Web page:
• Susan Brennan says:

    Back when people used to post on message boards for info, I used to see if I could find info about the person of interest. The person who posted the question was the son of a 90 year old man. The story was that his dad’s dad died in an accident when he was very young, and his mother married multiple times afterward. The father had never met anyone from his biological father’s family and wasn’t even sure if the story of the demise was true or not.Not only did I manage to confirm that his dad died in a streetcar accident but I also connected them to a family that had pictures of his dad and the family. It took a few days of back and forth emails to confirm details. But I knew I had made his dad a happy man solving his mystery of nearly 90 years.

  • Sharlene Gomes says:

    I was contacted by a “stranger” on Ancestry that we showed a close (1st cousin) DNA match. He explained. that he had been adopted at birth and was looking for his birth family. I was extremely cautious at first. I knew nothing of an adoption in my tree. The next communication said he also showed a DNA match to another person. She had a screen name which I knew because she was a first cousin through my mother’s side. She knew nothing about an adoption either. Between the 2 cousins from mom’s 1/2 brother, we figured out that it had to be one of the 3 daughters of Mom’s sister. I contacted two of them who were as surprised as I was, by the news. I told him who we guessed was the birth mother, their older sister (my age). He was able to track her down from the info that the 2 and I gave him. This all happened with a couple of months and that week, he called me and said, “I found her!” I got chills. They had talked on the phone (he is from Texas and she lived in Nevada) and she cried…so thankful to hear from him and how well his life turned out. They never met in person in the space of the next year, when she died. He called to tell me and said he was at peace with it. I’ve since met him and it was strange. I felt immediately connection and calm with the whole thing. I’ve shared family stories and pictures and of course, his branch of the family tree. He’s part of it now.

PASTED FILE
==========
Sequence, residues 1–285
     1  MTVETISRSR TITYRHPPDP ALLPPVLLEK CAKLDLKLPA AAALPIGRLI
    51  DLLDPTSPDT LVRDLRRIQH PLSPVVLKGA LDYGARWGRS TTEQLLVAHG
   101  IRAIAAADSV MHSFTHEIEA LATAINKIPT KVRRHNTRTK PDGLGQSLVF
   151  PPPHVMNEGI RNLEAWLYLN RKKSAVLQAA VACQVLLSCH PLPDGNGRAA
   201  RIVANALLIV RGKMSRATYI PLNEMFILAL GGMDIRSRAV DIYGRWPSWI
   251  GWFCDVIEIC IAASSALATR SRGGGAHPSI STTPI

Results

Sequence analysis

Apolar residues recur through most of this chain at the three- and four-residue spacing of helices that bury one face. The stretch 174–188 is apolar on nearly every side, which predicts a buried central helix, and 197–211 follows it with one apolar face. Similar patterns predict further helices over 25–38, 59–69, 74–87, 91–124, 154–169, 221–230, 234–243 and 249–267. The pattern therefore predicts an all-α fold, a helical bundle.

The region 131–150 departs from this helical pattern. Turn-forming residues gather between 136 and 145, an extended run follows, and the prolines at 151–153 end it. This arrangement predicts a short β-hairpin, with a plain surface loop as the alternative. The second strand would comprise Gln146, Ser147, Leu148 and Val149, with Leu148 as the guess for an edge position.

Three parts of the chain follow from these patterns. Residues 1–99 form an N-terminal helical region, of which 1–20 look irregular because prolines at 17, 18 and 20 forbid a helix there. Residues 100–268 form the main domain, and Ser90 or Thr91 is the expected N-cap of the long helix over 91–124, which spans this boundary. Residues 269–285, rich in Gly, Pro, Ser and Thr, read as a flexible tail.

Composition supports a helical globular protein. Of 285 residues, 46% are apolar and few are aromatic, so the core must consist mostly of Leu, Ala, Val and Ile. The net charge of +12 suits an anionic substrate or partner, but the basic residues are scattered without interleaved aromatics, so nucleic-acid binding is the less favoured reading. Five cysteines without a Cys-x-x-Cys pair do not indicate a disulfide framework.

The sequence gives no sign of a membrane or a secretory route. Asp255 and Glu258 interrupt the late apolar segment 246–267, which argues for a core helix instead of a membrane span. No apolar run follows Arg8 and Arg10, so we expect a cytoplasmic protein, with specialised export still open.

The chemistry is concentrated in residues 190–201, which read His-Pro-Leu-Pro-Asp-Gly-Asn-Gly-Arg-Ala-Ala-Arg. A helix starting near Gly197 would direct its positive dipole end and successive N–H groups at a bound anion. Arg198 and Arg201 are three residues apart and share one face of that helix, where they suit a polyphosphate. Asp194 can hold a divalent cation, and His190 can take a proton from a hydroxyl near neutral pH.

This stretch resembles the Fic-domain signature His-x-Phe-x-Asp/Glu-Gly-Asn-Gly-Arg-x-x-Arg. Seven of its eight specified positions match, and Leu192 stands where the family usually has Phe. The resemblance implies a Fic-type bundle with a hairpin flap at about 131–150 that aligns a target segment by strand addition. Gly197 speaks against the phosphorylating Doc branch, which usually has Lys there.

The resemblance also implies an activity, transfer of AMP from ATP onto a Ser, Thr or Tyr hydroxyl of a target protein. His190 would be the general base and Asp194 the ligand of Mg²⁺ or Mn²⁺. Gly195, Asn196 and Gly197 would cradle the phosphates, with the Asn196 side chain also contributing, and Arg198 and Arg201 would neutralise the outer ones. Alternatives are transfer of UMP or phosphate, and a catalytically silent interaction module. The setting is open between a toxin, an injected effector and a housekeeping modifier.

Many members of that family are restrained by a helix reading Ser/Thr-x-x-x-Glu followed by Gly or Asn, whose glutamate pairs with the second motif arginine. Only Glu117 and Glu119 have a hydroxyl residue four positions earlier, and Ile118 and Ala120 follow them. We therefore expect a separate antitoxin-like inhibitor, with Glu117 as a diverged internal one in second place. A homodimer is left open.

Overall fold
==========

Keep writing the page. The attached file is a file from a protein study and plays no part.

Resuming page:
• Sharlene, I got goose bumps too when I read your story. I love helping people with their DNA to discover family. I’ve done it within my family and for others. I think that’s why I’ve done DNA and have an extensive tree.
      To help those that don’t know their trees that DNA connect to me. I know the family stories and secrets. So often I either know where they fit or we can figure it out. I’m happy that you were able to solve this for your new family member
      and to let his mother know how he was. Happy hunting.

  • Donna Gauthier Shanks says:

    I met a lady in the laundry room of our building and got to talking. She was in her 80’s and had never known for sure if her Mom was her Mom. Anyway over time I got to sort out the story for her. It turned out her Mom was her Mom but her auntie, mom’s younger single sister, was the mother of two half-sisters. The auntie lived on the farm and worked alongside her Dad. It involved DNA testing and getting stories from several family members. She was so happy and relieved to find out the truth but the really great moment was when her son came and thanked me for finally putting his Mom at peace. He said this had bothered her all her life. Made me feel so good to know I had helped put this lady’s mind at rest after all those years of not knowing.

    • Donna, how wonderful it was that you could help her and put her mind a ease. I especially like that the son was thoughtful enough to let you know how important it was to her and to him. Happy hunting.

  • Marcy Belles says:

    I haven’t done extensive research like you did. However, I have done some research for my niece on my husband’s side in regards to her father (a brother-in-law).